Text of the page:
Other noteworthy technologies introduced at Continental’s tech fest:

  • World’s first automotive interior display with secure face authentication. Believe it or not, current facial recognition systems can be easily fooled by simply using a person’s headshot stolen from social media. The Driver Identification System from Continental and trinamiX uses a unique technology to recognize specific facial traits and provides fool-proof biometrical authentication with many features. A winner of a 2023 CES Innovation Award, the core of the innovation is the security system that only allows the vehicle to start after successfully authenticating the driver and it cannot be fooled easily. In a convincing – but slightly creepy – demonstration, a Continental engineer used a lifelike disembodied head to prove the system will react only to human skin, making it immune to forgery attempts such as photographs or masks. The monitoring system also increases safety while driving because it keeps an eye on the driver's attention and reacts if signs of fatigue or distraction. A bonus is the fool-proof system greatly simplifies digital payment processes when refuelling or parking. The complex technology also is seamlessly hidden in instrument cluster display and can be combined with Continental’s Curved Ultra-Wide Display.

  • Ending hydraulic brakes. Continental is taking the first step to being able to eliminate hydraulic brakes. The company says hydraulics are not particularly resource-efficient due to the fluid maintenance needed, plus they are costly and – in an ideal scenario – should be avoided. The advantage for car manufacturers is that filling and bleeding the brake system no longer is necessary in production. The goal is to electromechanically actuate rear axle brakes, which previously were operated hydraulically. The ultimate goal is having both front and rear brakes actuated electromechanically and the components of the system will be packaged in individual modules.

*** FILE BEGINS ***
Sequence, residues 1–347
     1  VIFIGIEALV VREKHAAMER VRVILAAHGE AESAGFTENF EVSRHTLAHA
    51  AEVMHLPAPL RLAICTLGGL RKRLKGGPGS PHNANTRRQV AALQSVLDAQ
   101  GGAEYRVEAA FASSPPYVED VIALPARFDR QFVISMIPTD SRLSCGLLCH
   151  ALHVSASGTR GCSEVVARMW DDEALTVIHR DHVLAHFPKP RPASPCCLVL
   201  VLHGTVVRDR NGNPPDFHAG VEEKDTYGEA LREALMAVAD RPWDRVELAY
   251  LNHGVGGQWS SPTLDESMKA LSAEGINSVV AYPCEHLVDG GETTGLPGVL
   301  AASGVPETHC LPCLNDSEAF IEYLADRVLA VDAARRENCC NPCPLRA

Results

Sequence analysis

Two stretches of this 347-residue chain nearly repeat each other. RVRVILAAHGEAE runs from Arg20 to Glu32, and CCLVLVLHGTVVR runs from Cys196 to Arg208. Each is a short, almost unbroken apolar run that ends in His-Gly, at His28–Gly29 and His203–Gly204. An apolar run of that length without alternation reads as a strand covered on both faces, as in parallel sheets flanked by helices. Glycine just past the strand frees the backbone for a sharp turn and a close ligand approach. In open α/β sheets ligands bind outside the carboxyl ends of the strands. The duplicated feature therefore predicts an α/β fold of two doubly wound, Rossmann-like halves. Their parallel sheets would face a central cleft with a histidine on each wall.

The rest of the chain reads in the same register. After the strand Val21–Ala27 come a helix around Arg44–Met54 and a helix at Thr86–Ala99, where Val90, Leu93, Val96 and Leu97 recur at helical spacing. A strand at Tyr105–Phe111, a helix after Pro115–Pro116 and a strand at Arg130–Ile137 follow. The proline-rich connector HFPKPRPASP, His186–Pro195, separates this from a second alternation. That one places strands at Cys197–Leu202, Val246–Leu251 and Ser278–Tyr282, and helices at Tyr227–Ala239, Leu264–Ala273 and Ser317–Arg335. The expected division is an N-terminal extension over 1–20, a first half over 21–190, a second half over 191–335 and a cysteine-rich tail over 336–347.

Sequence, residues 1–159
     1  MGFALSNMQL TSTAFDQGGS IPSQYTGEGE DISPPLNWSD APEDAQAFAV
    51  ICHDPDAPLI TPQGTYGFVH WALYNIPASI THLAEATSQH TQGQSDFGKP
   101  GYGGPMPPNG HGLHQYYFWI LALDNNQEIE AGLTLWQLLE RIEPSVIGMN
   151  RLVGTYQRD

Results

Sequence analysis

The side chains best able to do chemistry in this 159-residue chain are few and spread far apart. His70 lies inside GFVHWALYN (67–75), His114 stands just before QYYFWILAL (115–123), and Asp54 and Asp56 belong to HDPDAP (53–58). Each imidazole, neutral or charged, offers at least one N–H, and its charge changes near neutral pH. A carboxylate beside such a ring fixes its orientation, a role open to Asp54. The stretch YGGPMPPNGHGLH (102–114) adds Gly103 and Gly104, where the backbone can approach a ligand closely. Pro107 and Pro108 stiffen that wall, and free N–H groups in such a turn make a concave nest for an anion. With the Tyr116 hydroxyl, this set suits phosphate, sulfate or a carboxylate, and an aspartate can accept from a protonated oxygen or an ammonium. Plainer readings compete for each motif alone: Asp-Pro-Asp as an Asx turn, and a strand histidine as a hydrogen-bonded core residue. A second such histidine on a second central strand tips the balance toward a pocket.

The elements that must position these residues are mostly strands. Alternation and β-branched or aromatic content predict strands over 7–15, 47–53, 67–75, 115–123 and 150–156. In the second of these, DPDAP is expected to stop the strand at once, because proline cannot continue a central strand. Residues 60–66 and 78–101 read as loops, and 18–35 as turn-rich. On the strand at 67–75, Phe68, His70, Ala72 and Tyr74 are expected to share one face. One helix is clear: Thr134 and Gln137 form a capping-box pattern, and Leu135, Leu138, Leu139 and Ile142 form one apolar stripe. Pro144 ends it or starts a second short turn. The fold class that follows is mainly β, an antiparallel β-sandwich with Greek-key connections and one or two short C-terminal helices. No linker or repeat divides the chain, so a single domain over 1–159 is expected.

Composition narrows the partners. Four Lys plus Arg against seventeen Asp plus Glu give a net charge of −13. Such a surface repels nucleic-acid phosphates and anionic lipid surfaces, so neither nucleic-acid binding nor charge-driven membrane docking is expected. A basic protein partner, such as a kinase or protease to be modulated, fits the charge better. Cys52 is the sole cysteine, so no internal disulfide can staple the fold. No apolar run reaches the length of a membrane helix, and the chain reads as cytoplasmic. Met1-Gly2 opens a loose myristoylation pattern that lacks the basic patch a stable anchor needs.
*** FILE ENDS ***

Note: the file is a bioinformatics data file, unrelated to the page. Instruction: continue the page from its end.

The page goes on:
• Better hoses for hydrogen refueling stations. In yet another example of creating practical solutions for crucial needs, Continental is using its extensive material expertise to enable the development of high-performance hose solutions for hydrogen dispensing and refueling. The water-cooled cables for high-speed battery-electric-vehicle charging stations have to be very robust in order to be safe but they also are as heavy as a fire hose and can be difficult to manage. The dispensing hoses at hydrogen refueling stations also present challenges because the hydrogen is delivered to the tank under very high pressure: 14,000 psi (700 bar). Continental has developed a new hybrid hose solution that combines a highly impermeable thermoplastic inner liner with steel reinforcement to withstand pressure. The rubber-based outer cover provides the flexibility needed for convenient insertion of the fueling nozzle into the vehicle and also shields the user from the low transport temperatures of hydrogen, which is -253° C (-423° F). In addition to this innovative hose solution, Continental's materials experts are developing the corresponding connecting components, such as seals and couplings, to ensure the efficiency and safety of the refueling process even at the particularly challenging interfaces.

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About the Author(s)

Drew Winter

Contributing Editor, WardsAuto

Drew Winter is a former longtime editor and analyst for Wards. He writes about a wide range of topics including emerging cockpit technology, new materials and supply chain business strategies. He also serves as a judge in both the Wards 10 Best Engines and Propulsion Systems awards and the Wards 10 Best Interiors & UX awards and as a juror for the North American Car, Utility and Truck of the Year awards.